Commercial applications began later in 1952 and grew steadily as polyurethane foams became a viable choice for rigid foam buns and molding parts where the reaction occurred in the mold for the finished part. The advantages of polyurethane foam (PUF) helped grow many applications and uses. High heat resistance and long-term stability due to the polymer being a thermoset plastic led to the development of PUF adhesives in roofing applications.
Polyurethane is a reaction polymer, where isocyanates react with polyols and result in a thermosetting polymer. The main feature of thermosetting polymers is that they do not melt or breakdown with the application of heat. For example, when eggs and flour are combined and cooked, a pancake is made. The pancake cannot be returned to eggs and flour by heating it up. The opposite of thermoset polymers is thermoplastic polymers. Thermoplastic polymers will return to their original state if heated. As an example of this, an ice cube will become water if it is heated. However, if the water is returned to a freezer, it will become an ice cube again.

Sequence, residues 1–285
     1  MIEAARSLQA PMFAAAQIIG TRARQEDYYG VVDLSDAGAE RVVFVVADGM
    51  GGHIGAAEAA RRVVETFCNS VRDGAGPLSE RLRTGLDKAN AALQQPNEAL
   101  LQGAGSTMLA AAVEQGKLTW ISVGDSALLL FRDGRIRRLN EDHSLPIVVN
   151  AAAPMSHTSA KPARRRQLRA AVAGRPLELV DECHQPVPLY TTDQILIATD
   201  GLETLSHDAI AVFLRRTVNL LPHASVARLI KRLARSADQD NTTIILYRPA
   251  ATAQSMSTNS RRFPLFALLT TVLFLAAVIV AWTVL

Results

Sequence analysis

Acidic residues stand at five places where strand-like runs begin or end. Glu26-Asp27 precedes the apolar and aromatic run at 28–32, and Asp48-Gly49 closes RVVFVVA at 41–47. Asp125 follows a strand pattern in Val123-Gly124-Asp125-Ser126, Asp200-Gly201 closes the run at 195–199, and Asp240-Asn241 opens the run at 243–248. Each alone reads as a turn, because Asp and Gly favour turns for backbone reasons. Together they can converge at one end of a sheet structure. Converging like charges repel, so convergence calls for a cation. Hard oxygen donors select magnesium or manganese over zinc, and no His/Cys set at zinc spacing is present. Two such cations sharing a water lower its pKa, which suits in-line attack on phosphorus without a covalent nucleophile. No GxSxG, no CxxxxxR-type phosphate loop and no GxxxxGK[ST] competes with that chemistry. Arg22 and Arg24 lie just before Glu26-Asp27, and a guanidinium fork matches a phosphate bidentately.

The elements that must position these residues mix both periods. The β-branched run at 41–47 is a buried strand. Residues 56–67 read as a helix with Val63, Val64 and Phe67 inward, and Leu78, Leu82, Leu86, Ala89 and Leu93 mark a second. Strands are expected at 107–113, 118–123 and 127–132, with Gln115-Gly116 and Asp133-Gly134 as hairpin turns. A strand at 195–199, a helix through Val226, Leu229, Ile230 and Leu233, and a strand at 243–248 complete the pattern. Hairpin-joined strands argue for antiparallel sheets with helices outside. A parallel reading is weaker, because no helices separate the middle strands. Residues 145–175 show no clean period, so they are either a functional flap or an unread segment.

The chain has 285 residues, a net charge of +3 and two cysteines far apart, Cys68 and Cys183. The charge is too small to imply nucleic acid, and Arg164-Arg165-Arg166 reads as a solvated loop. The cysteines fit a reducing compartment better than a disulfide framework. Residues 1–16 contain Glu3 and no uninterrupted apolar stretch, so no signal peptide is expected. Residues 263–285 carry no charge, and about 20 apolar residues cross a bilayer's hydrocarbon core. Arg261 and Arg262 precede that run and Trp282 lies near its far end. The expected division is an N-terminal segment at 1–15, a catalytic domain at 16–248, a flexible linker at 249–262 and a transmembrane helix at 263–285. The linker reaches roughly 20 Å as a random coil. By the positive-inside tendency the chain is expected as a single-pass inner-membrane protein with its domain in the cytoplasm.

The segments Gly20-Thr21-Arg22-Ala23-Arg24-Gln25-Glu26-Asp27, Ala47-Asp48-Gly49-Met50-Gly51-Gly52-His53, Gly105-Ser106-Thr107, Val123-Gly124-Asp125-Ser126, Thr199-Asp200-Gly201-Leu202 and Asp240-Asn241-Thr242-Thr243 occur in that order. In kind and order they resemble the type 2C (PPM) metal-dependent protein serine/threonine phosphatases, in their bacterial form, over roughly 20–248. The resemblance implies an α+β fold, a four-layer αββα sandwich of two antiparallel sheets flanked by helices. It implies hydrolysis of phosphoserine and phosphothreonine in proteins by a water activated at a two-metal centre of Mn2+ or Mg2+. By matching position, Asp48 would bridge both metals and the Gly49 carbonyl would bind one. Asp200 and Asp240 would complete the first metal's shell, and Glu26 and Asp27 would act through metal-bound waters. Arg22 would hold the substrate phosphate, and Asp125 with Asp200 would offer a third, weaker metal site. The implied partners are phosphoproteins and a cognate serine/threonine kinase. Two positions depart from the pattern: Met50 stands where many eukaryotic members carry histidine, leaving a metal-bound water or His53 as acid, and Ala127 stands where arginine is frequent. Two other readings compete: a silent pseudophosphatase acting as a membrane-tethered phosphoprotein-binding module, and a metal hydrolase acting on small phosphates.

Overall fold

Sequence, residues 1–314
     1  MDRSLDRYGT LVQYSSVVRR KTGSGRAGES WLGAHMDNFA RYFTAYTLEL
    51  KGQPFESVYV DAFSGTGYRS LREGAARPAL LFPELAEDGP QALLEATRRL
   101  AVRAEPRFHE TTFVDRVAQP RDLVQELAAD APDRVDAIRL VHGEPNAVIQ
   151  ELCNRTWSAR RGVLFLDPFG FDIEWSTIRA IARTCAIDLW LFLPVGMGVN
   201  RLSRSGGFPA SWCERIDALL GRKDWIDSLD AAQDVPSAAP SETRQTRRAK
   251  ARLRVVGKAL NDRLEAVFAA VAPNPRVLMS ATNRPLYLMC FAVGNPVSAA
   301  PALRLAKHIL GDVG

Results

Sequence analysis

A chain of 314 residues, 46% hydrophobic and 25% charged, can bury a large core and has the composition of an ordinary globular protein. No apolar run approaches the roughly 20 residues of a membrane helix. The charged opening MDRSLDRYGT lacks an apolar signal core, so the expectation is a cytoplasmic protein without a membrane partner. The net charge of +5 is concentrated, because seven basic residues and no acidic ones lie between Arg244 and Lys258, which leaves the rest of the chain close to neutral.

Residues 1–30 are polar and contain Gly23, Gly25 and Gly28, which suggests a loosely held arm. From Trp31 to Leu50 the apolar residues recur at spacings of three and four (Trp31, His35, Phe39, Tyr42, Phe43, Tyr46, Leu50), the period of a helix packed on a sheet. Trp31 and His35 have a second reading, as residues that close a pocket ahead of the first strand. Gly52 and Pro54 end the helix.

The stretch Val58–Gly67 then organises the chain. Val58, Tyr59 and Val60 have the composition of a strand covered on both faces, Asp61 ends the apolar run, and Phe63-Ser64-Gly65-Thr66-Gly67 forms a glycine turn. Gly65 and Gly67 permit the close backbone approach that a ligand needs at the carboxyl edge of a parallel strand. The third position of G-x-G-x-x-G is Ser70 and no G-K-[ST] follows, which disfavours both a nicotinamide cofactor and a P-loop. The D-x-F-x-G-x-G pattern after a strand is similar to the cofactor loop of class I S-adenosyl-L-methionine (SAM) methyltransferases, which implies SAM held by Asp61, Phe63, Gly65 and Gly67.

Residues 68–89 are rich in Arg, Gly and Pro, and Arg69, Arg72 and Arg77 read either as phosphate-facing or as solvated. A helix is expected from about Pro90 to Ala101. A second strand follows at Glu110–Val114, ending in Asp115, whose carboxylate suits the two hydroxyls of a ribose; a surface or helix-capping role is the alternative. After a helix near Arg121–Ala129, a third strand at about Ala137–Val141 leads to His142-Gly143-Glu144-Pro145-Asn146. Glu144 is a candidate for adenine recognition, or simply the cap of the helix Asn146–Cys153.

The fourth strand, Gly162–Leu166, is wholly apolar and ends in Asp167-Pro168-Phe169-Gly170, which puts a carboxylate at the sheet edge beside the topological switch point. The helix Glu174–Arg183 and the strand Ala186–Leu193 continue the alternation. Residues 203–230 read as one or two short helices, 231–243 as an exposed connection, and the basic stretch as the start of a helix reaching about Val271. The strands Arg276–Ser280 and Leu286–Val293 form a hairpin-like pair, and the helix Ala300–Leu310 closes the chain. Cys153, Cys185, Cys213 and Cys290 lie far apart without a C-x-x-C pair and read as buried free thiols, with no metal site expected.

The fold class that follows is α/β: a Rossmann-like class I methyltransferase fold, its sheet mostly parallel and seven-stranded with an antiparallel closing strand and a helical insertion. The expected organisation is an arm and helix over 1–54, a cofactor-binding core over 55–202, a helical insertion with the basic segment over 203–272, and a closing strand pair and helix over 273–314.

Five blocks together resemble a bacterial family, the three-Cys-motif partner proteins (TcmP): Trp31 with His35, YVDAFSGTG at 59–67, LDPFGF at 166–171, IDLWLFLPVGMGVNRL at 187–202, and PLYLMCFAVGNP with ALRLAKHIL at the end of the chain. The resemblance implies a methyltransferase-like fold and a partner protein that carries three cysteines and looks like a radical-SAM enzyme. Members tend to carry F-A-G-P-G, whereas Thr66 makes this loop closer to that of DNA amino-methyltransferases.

The other benefit of thermosetting polymers is the long-term stability of the polymer. However, the stability of polyurethane polymers is mainly susceptible to exposure of ultraviolet (UV) light. When PUF is exposed to sunlight, which contains UV light, there is a yellowing discoloration that occurs over time. The higher energy of UV light can also cause reactions that break-up the PUF and flake the exposed foam off as exposure time is prolonged. Read More.